The next day I would depart Zambia for Botswana, but the country firmly cemented a spot in my heart. Zambia has something for every type of traveler. Adventure seekers can bungee jump off the bridge that connects the country with neighboring Zimbabwe. Backpackers tend to love the small city of Livingstone. With several high-end bush camps, luxury travelers will be comfortable while being close to the wildlife. And serious thrill seekers can take a dip in Devil’s Pool, at the edge of Victoria Falls.
A far cry from a “shit hole,” a visit to Zambia should be on everyone’s bucket list.
Karen | Solo World Wanderer
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» Morocco (again for good measure!) «
On the tip of Africa, just eight miles (13 km) south of Europe, Morocco spans from the Sahara to the Mediterranean. It’s home to rugged Atlantic beaches, ski resorts, the Valley of Roses, the oldest university in the world (predating the ‘first’ in the West by some 200 years), and a rich history dating back some 90,000 years. In Morocco you’ll encounter a dazzling kaleidoscope of cultures and influences — Berber, Arab, Sub-saharan African, French, Spanish, Jewish and more — and a population where almost everyone speaks more than one language.
And for travelers? During my two weeks there I was stunned on a daily basis. I wandered around the dreamlike Blue City of Chefchaouen, camped beneath the stars between the dunes of the Moroccan Sahara, cooled down in the shade of palm trees in a desert oasis, stayed in a centuries-old house built into a cave, and marveled at the intricate patterns of doors, walls, pottery, jewelry and other crafts just about everywhere I went.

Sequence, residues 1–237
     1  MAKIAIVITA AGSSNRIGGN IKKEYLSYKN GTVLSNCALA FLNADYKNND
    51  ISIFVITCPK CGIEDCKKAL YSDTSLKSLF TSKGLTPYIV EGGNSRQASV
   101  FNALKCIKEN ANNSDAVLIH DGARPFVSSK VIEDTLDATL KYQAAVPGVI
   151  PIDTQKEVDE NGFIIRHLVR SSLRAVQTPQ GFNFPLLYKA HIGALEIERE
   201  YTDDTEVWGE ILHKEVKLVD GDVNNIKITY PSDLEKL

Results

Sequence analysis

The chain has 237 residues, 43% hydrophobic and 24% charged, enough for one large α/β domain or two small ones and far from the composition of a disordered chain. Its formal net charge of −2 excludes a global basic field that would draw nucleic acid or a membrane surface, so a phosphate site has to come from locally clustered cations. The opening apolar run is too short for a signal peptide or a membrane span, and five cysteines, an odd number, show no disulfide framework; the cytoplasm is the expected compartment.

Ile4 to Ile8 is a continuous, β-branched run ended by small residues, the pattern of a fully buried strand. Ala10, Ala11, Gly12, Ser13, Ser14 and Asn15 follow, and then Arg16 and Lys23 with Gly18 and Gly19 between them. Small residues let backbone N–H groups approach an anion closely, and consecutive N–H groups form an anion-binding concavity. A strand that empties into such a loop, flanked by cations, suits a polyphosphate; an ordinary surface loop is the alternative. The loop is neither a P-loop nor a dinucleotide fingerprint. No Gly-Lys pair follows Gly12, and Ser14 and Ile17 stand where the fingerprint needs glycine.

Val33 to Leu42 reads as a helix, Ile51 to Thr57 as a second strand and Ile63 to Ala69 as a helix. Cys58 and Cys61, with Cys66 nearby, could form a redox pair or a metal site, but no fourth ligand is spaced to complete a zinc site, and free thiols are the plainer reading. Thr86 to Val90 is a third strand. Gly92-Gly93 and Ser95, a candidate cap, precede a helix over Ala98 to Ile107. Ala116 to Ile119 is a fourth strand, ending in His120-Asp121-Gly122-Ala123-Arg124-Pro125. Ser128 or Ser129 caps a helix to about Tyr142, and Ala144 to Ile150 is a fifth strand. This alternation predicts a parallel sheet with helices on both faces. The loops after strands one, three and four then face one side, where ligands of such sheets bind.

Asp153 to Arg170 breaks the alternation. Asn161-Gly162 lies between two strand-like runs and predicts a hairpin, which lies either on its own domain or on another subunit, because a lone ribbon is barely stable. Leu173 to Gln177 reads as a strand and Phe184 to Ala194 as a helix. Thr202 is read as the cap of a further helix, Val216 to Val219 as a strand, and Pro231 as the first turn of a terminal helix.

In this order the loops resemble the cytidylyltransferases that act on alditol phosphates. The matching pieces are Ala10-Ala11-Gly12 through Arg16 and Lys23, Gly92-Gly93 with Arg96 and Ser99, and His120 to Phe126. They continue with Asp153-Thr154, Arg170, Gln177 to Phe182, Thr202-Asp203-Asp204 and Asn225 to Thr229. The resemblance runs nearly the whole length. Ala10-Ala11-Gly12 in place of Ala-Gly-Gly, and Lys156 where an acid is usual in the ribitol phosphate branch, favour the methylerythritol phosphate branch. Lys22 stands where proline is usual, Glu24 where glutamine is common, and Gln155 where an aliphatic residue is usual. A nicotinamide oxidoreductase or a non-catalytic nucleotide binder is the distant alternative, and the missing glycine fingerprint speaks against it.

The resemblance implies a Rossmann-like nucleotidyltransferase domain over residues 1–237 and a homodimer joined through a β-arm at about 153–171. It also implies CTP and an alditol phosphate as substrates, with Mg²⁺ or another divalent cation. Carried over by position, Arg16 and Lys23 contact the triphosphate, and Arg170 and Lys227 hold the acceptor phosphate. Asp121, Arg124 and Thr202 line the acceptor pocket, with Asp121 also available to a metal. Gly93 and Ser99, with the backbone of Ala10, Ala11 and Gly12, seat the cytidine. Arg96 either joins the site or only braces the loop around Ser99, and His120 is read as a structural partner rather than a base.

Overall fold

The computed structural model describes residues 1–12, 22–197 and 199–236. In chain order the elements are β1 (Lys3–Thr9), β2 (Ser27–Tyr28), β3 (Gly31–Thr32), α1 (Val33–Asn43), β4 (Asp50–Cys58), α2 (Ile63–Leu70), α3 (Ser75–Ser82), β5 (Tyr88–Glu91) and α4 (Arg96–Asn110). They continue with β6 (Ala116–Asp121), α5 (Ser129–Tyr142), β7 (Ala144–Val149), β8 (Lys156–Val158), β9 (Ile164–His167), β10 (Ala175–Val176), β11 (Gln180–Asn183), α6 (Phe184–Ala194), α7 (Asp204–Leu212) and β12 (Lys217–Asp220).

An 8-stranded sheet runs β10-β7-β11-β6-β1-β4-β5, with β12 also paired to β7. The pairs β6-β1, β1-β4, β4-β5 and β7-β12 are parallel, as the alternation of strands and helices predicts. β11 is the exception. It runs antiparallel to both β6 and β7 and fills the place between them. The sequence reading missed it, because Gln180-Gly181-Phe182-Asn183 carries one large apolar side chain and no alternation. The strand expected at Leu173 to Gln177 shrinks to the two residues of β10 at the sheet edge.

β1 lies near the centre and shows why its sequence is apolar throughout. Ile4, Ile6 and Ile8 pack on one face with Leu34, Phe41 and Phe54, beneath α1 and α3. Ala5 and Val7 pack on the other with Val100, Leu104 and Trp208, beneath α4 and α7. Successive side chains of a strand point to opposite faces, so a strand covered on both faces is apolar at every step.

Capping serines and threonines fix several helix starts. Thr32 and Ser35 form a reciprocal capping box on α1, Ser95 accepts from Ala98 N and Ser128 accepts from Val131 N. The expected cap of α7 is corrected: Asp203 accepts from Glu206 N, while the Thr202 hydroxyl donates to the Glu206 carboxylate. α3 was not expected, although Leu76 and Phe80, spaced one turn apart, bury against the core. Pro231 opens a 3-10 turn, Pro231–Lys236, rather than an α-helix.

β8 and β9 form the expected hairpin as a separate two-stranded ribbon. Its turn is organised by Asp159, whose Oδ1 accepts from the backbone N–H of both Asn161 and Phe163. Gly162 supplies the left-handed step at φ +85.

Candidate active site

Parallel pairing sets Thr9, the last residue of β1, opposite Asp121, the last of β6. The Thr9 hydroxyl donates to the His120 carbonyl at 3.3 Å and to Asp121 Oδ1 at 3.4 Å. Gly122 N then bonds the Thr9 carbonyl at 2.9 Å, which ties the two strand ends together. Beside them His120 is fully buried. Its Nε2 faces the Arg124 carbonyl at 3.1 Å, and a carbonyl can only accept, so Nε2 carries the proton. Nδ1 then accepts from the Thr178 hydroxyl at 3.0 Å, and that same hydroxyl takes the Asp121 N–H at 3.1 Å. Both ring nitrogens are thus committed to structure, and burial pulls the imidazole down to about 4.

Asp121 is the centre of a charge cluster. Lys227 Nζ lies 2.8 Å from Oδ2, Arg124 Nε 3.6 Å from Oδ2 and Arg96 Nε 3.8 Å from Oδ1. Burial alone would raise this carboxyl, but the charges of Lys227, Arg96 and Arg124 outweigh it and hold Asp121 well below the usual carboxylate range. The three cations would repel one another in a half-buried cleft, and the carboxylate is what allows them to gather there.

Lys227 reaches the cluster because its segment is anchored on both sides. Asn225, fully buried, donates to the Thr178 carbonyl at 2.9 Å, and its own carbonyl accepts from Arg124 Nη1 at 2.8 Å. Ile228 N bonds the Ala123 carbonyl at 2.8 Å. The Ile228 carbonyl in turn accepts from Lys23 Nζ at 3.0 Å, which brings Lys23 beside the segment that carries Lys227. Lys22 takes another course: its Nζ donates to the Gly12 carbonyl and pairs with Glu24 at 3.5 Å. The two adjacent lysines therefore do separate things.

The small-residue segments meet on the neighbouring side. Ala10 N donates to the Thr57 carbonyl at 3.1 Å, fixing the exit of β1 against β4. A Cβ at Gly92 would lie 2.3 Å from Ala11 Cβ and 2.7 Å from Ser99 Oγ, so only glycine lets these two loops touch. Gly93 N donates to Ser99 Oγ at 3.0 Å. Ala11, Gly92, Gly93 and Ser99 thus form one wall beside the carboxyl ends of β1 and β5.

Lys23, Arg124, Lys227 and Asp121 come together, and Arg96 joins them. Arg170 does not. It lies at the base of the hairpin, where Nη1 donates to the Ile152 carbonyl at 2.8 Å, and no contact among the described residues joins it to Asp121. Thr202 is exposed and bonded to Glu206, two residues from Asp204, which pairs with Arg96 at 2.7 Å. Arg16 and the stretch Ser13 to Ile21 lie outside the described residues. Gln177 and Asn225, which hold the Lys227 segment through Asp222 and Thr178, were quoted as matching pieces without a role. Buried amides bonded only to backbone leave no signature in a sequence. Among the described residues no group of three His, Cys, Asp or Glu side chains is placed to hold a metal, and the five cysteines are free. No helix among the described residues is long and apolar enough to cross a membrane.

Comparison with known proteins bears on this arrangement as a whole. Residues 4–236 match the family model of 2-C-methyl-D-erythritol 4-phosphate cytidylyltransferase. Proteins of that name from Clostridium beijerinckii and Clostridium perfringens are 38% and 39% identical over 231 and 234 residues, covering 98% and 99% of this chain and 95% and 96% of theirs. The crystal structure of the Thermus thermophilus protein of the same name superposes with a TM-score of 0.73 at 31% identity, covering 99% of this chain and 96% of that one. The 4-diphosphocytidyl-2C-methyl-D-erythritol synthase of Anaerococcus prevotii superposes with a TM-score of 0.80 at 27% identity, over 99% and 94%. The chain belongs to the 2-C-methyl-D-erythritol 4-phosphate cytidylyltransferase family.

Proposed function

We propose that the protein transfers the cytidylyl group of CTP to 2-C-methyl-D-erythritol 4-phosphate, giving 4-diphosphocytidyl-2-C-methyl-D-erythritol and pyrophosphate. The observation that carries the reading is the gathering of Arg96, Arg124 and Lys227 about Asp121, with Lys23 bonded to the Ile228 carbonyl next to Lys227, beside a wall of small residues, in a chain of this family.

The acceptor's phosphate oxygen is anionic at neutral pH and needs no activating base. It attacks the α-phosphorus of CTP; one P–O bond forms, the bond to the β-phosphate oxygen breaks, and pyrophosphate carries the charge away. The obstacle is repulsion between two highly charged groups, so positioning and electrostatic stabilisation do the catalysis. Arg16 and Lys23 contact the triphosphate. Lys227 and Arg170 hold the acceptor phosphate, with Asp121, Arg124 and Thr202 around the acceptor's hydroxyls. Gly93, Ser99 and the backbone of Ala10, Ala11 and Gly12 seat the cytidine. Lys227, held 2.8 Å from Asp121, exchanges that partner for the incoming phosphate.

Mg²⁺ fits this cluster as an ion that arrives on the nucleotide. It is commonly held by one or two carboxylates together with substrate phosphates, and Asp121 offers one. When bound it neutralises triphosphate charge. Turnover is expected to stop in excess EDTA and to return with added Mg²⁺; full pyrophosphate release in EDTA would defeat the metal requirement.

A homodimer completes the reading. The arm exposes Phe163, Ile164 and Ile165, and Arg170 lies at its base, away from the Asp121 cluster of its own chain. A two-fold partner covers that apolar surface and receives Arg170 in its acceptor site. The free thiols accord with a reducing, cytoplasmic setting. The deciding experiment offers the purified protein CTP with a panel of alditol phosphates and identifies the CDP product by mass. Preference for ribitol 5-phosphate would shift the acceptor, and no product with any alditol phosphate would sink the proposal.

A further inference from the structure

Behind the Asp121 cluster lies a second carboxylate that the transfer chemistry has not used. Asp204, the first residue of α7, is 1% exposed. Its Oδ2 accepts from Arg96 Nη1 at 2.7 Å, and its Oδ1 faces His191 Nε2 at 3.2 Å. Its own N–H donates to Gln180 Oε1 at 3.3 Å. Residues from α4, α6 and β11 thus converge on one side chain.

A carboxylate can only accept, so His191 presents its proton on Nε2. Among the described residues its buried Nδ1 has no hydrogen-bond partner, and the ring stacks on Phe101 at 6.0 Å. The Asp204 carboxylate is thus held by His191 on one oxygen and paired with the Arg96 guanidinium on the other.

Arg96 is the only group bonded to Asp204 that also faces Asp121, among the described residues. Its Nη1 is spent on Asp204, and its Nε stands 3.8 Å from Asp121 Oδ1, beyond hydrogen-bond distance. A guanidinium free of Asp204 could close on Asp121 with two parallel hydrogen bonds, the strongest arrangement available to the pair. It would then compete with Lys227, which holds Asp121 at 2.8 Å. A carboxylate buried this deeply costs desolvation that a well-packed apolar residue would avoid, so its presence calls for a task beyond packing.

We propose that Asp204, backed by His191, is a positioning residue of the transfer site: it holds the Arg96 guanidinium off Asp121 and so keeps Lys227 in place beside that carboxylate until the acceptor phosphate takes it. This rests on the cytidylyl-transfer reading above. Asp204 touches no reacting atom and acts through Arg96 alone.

From remote semi-nomadic villages in the desert, to the labyrinthine souks and ancient kasbahs, to the grand architecture of the imperial cities, the only constant in this diverse land is the warmth and hospitality on daily display by locals. You can hear it in the children calling out ‘good day’ in several languages as you pass, and taste it in the mouth-watering hot mint tea served by families who’ve randomly invited you, a stranger, to join in — just because. It’s in the diligent care with which the long-abandoned Amazrou synagogue is maintained by its Muslim neighbours decades after its congregation migrated to Israel. It’s i the friendly laughter exchanged with people eager to engage you in conversation even without any common language.